Source:Prime Minister's Prizes
A 28-member team of scientists whose research over more than 15
years has involved thousands of New Zealanders, earned
international acclaim and informed policy developments for
successive New Zealand governments has won the 2014 Prime
Minister's Science Prize.
The $500,000 prize has been presented to the He Kainga
Oranga/Housing and Health Research Programme, led by Professor
Philippa Howden-Chapman from the University of Otago, who is the
first woman research leader and the first social scientist to
receive the prestigious award.
Professor Howden-Chapman's five co-directors are Professors
Michael Baker and Julian Crane from the University of Otago,
Professors Chris Cunningham and Robyn Phipps from Massey University
and Dr Malcolm Cunningham formerly from BRANZ. The team is made up
of researchers in the areas of social science, epidemiology,
biostatistics, engineering, physics, architecture, building science
The team has worked nationwide to address long-standing quality
deficiencies in housing, particularly as they affect vulnerable
groups such as children, older people and those with chronic health
conditions including asthma.
Through large scale community trials, involving around 10,000 New
Zealanders, the team has tested, quantified and demonstrated the
effectiveness of initiatives such as retrofitting insulation to
modern standards, installing effective and non-polluting heating
and remediating injury hazards in homes.
One example is the team's collaborative work in evaluating the
Warm-Up New Zealand: Heat Smart Programme, which was based on the
robust evidence from two of its earlier randomised community
studies. This research showed that insulation and/or heating
retrofits led to significant reductions in hospitalisations, the
amount of medication required, energy consumption and premature
mortality of people aged 65 and over. A conservative estimate of
the programme's net benefit has been shown to be around $950
Another example is the team's work over a decade, monitoring
reductions in hospitalisation rates when low-income families move
from being private sector tenants to renting a state house.
Professor Howden-Chapman says she was motivated to establish the
team by concern about growing inequality in New Zealand and the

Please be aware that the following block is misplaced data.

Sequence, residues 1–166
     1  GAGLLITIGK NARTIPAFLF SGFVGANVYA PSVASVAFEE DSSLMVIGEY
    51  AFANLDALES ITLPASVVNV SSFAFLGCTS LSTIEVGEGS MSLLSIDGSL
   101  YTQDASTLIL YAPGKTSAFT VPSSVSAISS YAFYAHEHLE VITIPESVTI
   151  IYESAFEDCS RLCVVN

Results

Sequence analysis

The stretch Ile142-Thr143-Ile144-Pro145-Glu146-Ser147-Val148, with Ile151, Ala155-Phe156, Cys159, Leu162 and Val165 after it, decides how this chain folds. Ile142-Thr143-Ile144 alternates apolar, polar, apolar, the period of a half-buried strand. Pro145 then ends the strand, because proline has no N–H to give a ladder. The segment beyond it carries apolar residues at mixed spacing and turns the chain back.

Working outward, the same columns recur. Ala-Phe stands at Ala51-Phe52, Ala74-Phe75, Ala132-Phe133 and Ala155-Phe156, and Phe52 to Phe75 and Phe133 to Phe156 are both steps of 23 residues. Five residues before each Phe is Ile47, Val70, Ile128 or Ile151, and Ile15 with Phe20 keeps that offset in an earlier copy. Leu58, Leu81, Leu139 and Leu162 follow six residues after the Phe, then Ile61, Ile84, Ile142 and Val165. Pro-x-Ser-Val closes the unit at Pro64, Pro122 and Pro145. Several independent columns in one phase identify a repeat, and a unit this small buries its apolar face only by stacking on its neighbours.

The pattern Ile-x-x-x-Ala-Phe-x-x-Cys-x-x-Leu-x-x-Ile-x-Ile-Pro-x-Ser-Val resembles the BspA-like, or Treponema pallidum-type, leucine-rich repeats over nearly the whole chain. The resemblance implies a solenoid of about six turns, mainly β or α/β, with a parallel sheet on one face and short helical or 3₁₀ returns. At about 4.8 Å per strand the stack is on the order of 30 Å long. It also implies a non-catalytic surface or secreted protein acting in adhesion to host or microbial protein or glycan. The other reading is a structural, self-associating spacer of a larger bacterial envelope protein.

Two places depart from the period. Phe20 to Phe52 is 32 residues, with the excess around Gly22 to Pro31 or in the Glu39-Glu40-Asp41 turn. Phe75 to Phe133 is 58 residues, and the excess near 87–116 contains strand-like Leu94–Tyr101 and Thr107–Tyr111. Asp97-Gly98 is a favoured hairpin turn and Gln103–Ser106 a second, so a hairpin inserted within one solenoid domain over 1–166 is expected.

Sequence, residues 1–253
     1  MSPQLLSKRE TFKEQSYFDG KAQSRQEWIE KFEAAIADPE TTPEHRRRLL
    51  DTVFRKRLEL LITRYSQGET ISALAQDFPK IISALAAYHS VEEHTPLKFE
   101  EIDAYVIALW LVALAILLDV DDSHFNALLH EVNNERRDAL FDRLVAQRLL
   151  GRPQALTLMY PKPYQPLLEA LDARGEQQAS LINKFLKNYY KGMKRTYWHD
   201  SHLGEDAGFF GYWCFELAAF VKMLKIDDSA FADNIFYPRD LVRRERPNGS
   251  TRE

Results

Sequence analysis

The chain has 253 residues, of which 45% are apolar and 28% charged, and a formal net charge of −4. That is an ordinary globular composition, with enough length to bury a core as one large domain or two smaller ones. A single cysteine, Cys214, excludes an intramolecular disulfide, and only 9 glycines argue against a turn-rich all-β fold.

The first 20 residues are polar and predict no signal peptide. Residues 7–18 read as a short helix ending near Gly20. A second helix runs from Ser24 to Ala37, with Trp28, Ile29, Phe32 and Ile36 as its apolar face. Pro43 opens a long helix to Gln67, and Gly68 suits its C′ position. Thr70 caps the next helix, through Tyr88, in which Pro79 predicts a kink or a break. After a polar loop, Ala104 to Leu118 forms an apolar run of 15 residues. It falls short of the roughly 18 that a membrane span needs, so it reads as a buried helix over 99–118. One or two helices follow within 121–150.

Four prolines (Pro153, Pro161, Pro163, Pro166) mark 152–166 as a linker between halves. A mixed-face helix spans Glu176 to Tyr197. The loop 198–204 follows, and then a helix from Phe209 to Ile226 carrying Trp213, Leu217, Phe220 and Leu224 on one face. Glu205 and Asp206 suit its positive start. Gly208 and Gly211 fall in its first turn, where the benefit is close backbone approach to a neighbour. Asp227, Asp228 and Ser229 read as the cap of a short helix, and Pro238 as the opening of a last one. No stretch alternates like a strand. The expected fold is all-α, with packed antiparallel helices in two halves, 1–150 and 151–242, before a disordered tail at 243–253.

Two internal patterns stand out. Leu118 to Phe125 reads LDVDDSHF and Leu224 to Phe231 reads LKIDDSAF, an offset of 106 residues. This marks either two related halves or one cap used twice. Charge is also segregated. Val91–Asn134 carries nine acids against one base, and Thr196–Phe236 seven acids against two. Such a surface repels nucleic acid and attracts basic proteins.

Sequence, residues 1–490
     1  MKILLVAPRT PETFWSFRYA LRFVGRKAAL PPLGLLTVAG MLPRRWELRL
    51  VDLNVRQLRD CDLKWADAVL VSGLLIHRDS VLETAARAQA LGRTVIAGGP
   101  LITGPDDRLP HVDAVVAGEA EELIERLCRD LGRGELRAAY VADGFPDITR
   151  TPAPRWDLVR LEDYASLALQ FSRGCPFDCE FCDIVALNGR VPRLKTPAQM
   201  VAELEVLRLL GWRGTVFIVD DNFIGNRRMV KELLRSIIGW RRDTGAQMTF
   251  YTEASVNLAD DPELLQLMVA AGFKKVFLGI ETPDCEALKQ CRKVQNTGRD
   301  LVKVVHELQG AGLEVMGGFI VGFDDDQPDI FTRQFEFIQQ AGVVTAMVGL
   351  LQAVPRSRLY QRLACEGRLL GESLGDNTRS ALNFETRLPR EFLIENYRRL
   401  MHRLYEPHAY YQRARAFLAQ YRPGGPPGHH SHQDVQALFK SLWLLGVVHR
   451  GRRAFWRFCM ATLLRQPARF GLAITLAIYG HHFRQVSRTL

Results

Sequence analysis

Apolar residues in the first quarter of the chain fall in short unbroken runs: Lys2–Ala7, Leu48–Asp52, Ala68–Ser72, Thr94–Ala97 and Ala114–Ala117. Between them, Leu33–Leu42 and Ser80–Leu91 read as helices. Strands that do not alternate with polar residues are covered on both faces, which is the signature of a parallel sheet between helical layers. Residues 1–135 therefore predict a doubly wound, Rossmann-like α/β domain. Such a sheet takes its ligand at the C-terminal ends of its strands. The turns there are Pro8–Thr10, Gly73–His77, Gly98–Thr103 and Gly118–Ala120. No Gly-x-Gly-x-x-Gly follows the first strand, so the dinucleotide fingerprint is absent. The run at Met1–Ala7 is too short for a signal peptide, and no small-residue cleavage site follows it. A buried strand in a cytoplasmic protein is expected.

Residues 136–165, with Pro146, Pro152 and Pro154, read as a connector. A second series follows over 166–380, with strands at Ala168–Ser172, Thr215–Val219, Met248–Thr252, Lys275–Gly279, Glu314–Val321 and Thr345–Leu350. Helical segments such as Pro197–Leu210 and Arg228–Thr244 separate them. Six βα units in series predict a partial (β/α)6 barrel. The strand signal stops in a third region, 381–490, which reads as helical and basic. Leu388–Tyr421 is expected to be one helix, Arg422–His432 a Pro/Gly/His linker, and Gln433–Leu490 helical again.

desire to do something practical to improve the health and
wellbeing of New Zealanders.
"There's been a long standing assumption that all New Zealanders
would own their own house but a lot of people now live in rental
housing. I wanted to provide evidence to support the premise that
everyone should have the right to warm, dry, safe housing
regardless of whether they own or rent."
Dr Carlos Dora, Coordinator of the WHO's Department of Public
Health and Environment says Professor Howden-Chapman and her team
are global leaders in the area of effective healthy housing
intervention and a source of evidence and inspiration for healthy
"We cherish their work and look forward to New Zealand's
continuing cutting edge scientific insights that allow us to build
a healthier and more equitable future," he says.
Nina Campbell, leader of the IEA's multiple benefits study, says
the team's work has positioned New Zealand as a front runner in
policy innovation. "Philippa's work stood out as one of the most
analytically robust and politically compelling pieces among the
huge range of studies we reviewed. These findings have attracted
keen interest from policy makers in IEA countries."
Professor Howden-Chapman attributes the team's success to the
robust design of its research and a commitment to working in
partnership with communities.
"I feel very proud of what our team's been able to do. We've gone
on a long journey together-many of the team have been involved from
the beginning and that's because they find it very rewarding to be
doing research that directly improves people's lives.
"Our team feels very honoured to have won the Prime Minister's
Science Prize. It's a fulsome acknowledgement of the work we've
done over a decade and a half and recognition to all those people
who've been involved in citizen science, helping us collect data
winter after winter, to understand and deal with a really serious
problem for New Zealand."
The team will use $400,000 of the prize money to carry out a
community trial on the impact of improving housing on new born
The 2014 Prime Minister's Science Prizes were presented to winners
on Tuesday 2 December at the Museum of New Zealand, Te Papa
Tongarewa in Wellington.